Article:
What is J.M. Synge's biography and the plot summary of his play Riders to the Sea?

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John Millington (J.M.) Synge (1871-1909) was an Irish playwright active during the late 19th and early 20th Centuries, and is considered one of the most important figures of the Irish literary renaissance, alongside William Butler Yeats.  Born near Dublin to a financially-comfortable Irish Protestant family, Synge had focused on music, and had been awarded a scholarship to the Royal Irish Academy of Music.  His passion for music would take him to Germany, and then to Paris, where his fear of public performing and love of writing resulted in a shift in direction.  It was in Paris where he encountered Yeats, who encouraged the young aspiring writer to relocate to the Aran Islands off the coast of Ireland so that Synge could immerse himself in Irish culture and experience life in a manner more befitting an author of Irish heritage.  This, Synge did, alternating living in the Aran Islands with winters spent in Paris.  Yeats’ suggestion would prove highly beneficial to Synge, as he emerged as a leading member of Ireland’s community of letters.  Synge would prove a productive author, and his first play, written in 1901, When the Moon Has Set, would reflect his own cynicism regarding religion and feature a nun disavowing her commitment to the Church to marry an atheist.  In a land as intensely religious, and riven by religious factions, as Ireland, Synge’s plot made the play politically-impossible to produce.  It would not, however, deter him from continuing in this vein.  When the Moon Has Set was followed by his most productive year as a playwright when, in 1902, he wrote Riders to the Sea, In the Shadow of the Glen, and The Tinkers Wedding.  In addition to a decidedly cynical approach to religion, Synge’s plays were bound by his emphasis on portraying the lives of the poor among who he lived in the islands, and, if Ireland was abundant in anything, it was poverty, thereby providing him fertile ground on which to shape his stories.

Synge would die very young, at the age of 38, from Hodgkins disease, leaving behind a fiancé, an actress fifteen years younger than he, Mollie Allgood, an uneducated girl who would inspire his passions for the Irish peasantry central to his work.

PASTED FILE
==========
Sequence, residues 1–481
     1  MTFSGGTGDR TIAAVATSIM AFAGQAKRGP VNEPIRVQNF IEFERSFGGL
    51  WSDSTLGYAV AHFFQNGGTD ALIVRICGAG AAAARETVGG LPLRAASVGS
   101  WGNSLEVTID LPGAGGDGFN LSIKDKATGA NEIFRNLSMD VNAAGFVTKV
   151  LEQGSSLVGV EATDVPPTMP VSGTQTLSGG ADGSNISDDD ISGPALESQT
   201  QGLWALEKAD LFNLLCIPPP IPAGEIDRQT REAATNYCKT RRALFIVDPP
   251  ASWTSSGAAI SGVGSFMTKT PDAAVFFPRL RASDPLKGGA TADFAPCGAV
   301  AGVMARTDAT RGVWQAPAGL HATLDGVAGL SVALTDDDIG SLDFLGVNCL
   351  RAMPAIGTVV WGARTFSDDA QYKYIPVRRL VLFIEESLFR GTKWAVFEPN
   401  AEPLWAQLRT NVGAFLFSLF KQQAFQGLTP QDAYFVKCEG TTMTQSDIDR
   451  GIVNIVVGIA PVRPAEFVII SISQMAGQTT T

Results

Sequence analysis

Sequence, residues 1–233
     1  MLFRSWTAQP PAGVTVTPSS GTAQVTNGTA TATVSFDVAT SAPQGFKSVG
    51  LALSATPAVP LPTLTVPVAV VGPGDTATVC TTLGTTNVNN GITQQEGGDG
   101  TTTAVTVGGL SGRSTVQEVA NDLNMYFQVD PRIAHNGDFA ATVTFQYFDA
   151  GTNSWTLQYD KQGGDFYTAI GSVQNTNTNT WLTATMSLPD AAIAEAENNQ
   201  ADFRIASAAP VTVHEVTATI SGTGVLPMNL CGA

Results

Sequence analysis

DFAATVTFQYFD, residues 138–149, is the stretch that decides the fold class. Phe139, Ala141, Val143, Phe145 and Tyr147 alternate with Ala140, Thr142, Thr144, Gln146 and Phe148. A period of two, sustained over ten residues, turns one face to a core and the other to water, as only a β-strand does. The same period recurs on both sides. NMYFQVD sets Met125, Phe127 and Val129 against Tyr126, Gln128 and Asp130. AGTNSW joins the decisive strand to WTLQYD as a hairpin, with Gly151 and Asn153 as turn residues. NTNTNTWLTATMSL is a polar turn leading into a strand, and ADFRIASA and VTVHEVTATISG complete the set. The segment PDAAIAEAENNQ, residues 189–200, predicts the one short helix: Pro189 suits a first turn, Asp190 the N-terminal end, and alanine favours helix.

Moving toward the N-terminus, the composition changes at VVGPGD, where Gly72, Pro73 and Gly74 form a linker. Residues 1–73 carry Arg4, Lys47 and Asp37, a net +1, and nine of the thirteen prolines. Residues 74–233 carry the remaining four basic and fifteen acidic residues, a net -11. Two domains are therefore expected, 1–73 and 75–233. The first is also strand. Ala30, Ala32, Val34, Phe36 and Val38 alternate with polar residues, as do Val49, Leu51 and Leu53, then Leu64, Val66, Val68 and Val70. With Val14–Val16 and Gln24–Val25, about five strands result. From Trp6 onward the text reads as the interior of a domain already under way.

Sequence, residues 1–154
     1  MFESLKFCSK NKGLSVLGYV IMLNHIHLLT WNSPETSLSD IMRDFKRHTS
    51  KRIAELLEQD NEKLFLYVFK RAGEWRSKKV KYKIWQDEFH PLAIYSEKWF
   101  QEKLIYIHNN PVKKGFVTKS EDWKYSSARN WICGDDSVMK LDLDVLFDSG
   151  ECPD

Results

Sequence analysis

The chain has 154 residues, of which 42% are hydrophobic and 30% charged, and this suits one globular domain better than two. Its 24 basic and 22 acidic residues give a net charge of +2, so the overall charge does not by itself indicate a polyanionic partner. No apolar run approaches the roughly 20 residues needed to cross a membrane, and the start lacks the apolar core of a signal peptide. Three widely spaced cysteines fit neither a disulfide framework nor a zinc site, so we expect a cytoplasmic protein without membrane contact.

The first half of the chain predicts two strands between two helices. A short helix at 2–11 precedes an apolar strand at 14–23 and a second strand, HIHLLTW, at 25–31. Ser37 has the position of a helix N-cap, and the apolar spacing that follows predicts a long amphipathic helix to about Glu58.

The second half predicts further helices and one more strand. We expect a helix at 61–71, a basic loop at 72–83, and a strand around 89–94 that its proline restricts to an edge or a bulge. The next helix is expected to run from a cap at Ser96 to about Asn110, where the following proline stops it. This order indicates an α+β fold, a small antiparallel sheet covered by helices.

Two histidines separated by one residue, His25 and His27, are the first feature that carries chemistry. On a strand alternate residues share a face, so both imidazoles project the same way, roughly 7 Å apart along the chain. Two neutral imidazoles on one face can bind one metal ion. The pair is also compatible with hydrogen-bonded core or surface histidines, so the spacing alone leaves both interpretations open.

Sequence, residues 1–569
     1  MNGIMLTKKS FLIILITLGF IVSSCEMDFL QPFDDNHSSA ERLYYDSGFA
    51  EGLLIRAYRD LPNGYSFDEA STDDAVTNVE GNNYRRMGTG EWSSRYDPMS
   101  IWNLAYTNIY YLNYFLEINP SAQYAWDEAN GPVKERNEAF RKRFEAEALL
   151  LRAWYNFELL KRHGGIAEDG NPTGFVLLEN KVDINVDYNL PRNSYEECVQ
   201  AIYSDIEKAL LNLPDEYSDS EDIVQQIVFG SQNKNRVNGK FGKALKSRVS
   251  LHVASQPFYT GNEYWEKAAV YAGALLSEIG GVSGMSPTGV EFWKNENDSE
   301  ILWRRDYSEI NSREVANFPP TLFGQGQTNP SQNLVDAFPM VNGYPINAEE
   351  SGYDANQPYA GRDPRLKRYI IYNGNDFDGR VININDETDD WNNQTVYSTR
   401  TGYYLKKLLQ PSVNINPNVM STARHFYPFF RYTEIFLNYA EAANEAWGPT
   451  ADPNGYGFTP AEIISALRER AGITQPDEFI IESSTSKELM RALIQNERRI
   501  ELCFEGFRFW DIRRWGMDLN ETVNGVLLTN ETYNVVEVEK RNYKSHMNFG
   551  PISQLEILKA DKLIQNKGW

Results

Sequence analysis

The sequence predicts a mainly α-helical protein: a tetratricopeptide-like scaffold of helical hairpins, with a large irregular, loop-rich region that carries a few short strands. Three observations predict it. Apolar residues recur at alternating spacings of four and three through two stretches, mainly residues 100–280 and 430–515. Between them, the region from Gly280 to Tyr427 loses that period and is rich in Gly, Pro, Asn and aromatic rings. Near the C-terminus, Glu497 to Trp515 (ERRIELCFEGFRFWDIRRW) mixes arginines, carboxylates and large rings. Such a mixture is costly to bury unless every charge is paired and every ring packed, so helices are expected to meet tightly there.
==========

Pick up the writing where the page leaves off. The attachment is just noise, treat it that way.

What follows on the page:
The play Riders to the Sea was, characteristically, set in the Aran Islands and featuring a small, intimate cast in a confined, claustrophobic setting, in this case, the kitchen of a small cottage.  Synge’s description of the setting at the beginning of the play read as follows:

An island off the West of Ireland. Cottage kitchen, with nets, oilskins, spinning-wheel, some new boards standing by the wall, etc. CATHLEEN, a girl of about twenty, finishes kneading cake, and puts it down in the pot-oven by the fire; then wipes her hands, and begins to spin at the wheel. NORA, a young girl, puts her head in at the door.]

This description is entirely consistent with the themes of Synge’s plays: the poverty and simplicity of the lives of his characters and the moral dilemmas and emotional travails to which they are subjected.  In the case of Riders, those travails include the death of the lead character, Maurya, an elderly woman whose sons are both killed in or near the sea.  Maurya’s two daughters, Cathleen and Nora, have tried to shield their mother from the inevitable pain and grief when the news of one son, Michael’s, death is confirmed, while the other son, Bartley, drowns in the sea after being thrown from his horse.  Suspecting that Michael has in fact been lost at sea and drowned, and with Bartley off on his horse, Maurya, who has experienced visions of impending doom involving horses, cries out to God,

MAURYA: (crying out as he is in the door) He's gone now, God spare us, and we'll not see him again. He's gone now, and when the black night is falling I'll have no son left me in the world.

Maurya’s vision, of course, turns out to be accurate.  Throughout the play, there are references to an unseen “young priest,” whose role is to offer little to no spiritual comfort, yet whose final mention has proven apocryphal regarding Maurya’s fate:

NORA: Didn't the young priest say the Almighty God wouldn't leave her destitute with no son living?

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